Megan Rapinoe and her teammates have politicised football in the best way possible

There are quite a few people who think that women entertainers should keep their mouths shut and perform. Whether its the Dixie Chicks being told to shut up and sing or Serena Williams being criticised for arguing a call – opinions, grievances and emotions should all be kept silent, and the show should go on. Little girls should be seen and not heard.

Try telling that to Megan Rapinoe.

The Fifa Womens World Cup 2019 will go down in history for many, many reasons. Not only the incredible quality of the playing, or the incredible viewing figures of the USA vs Netherlands final, but also – and most importantly – because of the politicisation of the tournament. I would even go so far to call it positive politicisation.

Sure, everyone is sick to the teeth of politicians on both sides of the pond, if not globally. However, as they say, the personal is the political. And if youre a woman or an ally who agrees in the fundamental pillar of equality – equal pay for equal work – then you cant fault any of the athletes using this global platform as a way of heightening awareness of their cause. If they hadnt, it would have been a massive missed opportunity. Bad marketing. Bad business.

For example, back in 2016 members of the US Womens National Team (USWNT) filed a class action lawsuit against US Soccer, claiming discrimination in pay. Did you even notice?

In 2017, Norway made history by granting equal pay to its women and mens national soccer teams. Did you notice?

Ada Hegerberg, winner of the 2018 Ballon dOr (who was shockingly asked to twerk after accepting her award) refused to play in this years World Cup because of Fifas gender pay gap. Again, did you notice?

Look, Im what you could call a Massive Feminist and Im embarrassed to say that I dont really recall any of the above happening.

But Im guessing youve heard about that arrogant, pink-haired American lesbian Megan Rapinoe who made the World Cup “all about her”, right? You heard about her saying shes “not going to the fucking White House”? You heard that she didnt sing the national anthem, and didnt put her hand on her heart like a good little American girl. (You then also probably heard about the time that she, gasp, KNEELED!) You probably heard her say that it was “science” that America couldnt win the World Cup without gay girls. And did you see her, arms stretched, chin up, chest out, celebrating and relishing in the crowd appreciating how goddamn good she is at her job?

I bet you did. You saw her. You heard about her. You heard the crowd chanting "EQUAL PAY" as she and her teammates gathered up all their gold, silver and bronze hardware after the final whistle and thats the difference.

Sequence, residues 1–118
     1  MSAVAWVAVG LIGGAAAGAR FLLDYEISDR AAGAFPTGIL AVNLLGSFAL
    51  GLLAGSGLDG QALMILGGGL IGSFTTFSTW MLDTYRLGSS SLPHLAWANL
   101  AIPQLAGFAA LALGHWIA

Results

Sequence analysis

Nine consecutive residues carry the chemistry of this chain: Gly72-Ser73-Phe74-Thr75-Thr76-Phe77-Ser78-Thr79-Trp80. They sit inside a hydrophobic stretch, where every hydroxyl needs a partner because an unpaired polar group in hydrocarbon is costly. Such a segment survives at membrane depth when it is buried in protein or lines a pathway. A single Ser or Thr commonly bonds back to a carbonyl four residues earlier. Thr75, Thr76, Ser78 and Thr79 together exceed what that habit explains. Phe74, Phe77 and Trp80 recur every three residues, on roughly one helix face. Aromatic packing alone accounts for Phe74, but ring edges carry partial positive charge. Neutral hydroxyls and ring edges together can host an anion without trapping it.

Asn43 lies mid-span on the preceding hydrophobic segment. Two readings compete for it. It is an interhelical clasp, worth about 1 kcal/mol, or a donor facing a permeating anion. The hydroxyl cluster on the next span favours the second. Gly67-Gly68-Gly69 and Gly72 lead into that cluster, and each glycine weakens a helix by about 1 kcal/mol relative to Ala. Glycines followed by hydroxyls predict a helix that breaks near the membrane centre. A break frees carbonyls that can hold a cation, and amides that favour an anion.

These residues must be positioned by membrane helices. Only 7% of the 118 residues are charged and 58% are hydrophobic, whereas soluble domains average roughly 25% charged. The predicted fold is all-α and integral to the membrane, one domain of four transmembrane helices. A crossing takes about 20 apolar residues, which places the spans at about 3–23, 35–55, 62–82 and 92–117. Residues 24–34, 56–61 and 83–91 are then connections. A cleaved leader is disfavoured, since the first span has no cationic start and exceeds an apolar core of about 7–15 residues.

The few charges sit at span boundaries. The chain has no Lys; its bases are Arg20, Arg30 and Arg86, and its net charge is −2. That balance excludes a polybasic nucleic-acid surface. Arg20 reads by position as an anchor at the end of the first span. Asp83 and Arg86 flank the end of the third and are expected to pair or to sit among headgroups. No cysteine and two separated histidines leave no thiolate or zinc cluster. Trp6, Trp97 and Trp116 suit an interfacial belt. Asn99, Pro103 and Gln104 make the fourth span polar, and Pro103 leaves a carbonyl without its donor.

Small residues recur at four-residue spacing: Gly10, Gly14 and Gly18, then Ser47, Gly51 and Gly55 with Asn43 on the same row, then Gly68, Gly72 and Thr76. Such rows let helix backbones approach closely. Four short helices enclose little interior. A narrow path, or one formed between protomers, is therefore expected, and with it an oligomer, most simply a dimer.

The 99ers walked so the 19ers could run.

Brandi Chastain ripped her shirt off so Megan Rapinoe could one day, essentially, tell the president to fuck off.

And this is why its important – no, wonderful – that this World Cup became a place for both politics and football, because they are interlinked. Its akin to what feminists call intersectionality. We must pay attention to the intersection between sports and politics, especially in womens football, because for a supposedly beautiful game, it can be incredibly ugly.

As this eye-opening Time article points out, beyond the spotlight of Rapinoe vs Trump, women are blocked from playing football across the globe. South American countries are having to rebuild their womens football teams up from dust, after they were all but obliterated. The abuse of athletes is rampant – and while things are undeniably so different across most European countries, as Frances head coach Corinne Diacre said, “It's true that it's more difficult for [women], the difficulties are multiplied by two. We know it's always been like that, so we have to deal with it. But there [can be] a lot of wickedness.”

A less discussed but incredibly important reason why the USWNT is as good as it is actually down to public policy. You can see the impact that Title XI – a law from 1972 that prohibits discrimination in education programmes and activities that receive federal financial assistance – has had on generations of women who were young girls that were inspired by watching the 91 or 99 World Cup and who then had access to school teams and clubs so they could actually learn how to play.

And while far too many countries are still facing issues the mentioned systemic issues of abuse, corruption and the dismantling of their womens clubs, the UK is in a position where it can take on the USWNT. But if the national teams of Scotland or England are ever to become world champions or dare to also use the word “dynasty” in the future, the UK must first reconcile with the numbers and its own public policies. For example, the Guardian reports that while the US has 21,065 licensed female coaches, 12 per cent of their total, England only has 3,520 – 5 per cent of the total. England coach Phil Neville says, “Were working on [grassroots] and making great strides. That takes four or five years and were 18 months into that.”

For a game and a worldwide system of federations that can be so disproportionately white, so disproportionately middle class – it is really important to acknowledge and celebrate the diversity and representation that teams like the US showcase. As Megan Rapinoe said in her victory speech before the New York Ticker Parade of her team, “We have pink hair and purple hair. We have tattoos, dreadlocks. Weve got white girls, black girls, and everything in between. Straight girls, [and] gay girls”.

Every bit of _

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